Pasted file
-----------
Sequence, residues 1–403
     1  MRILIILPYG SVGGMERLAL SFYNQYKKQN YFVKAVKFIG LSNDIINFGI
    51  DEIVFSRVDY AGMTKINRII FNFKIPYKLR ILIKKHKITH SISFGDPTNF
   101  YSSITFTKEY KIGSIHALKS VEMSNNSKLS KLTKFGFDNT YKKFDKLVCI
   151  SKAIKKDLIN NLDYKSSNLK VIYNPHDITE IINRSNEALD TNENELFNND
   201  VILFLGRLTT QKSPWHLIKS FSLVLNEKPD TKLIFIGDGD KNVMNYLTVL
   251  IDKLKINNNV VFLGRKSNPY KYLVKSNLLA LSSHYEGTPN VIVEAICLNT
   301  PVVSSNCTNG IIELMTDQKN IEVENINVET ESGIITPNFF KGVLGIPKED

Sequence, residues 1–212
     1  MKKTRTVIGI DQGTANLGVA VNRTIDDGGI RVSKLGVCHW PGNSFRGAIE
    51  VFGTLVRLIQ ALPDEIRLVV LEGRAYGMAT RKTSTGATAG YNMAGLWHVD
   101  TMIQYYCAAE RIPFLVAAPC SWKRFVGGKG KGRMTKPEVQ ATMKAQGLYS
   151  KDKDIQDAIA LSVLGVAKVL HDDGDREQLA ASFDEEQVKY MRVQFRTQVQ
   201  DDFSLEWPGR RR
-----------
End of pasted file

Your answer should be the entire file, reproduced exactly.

Sequence, residues 1–403
     1  MRILIILPYG SVGGMERLAL SFYNQYKKQN YFVKAVKFIG LSNDIINFGI
    51  DEIVFSRVDY AGMTKINRII FNFKIPYKLR ILIKKHKITH SISFGDPTNF
   101  YSSITFTKEY KIGSIHALKS VEMSNNSKLS KLTKFGFDNT YKKFDKLVCI
   151  SKAIKKDLIN NLDYKSSNLK VIYNPHDITE IINRSNEALD TNENELFNND
   201  VILFLGRLTT QKSPWHLIKS FSLVLNEKPD TKLIFIGDGD KNVMNYLTVL
   251  IDKLKINNNV VFLGRKSNPY KYLVKSNLLA LSSHYEGTPN VIVEAICLNT
   301  PVVSSNCTNG IIELMTDQKN IEVENINVET ESGIITPNFF KGVLGIPKED

Sequence, residues 1–212
     1  MKKTRTVIGI DQGTANLGVA VNRTIDDGGI RVSKLGVCHW PGNSFRGAIE
    51  VFGTLVRLIQ ALPDEIRLVV LEGRAYGMAT RKTSTGATAG YNMAGLWHVD
   101  TMIQYYCAAE RIPFLVAAPC SWKRFVGGKG KGRMTKPEVQ ATMKAQGLYS
   151  KDKDIQDAIA LSVLGVAKVL HDDGDREQLA ASFDEEQVKY MRVQFRTQVQ
   201  DDFSLEWPGR RR